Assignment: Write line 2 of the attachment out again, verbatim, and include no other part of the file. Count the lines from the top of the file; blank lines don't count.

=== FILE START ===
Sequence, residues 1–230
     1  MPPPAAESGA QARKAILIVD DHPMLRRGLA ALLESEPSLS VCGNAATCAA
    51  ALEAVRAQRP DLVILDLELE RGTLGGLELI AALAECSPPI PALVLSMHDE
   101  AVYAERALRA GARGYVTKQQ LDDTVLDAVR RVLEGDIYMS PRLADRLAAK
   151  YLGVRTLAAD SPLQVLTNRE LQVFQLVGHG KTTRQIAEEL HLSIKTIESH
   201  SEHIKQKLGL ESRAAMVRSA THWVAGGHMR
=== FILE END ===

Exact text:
     1  MPPPAAESGA QARKAILIVD DHPMLRRGLA ALLESEPSLS VCGNAATCAA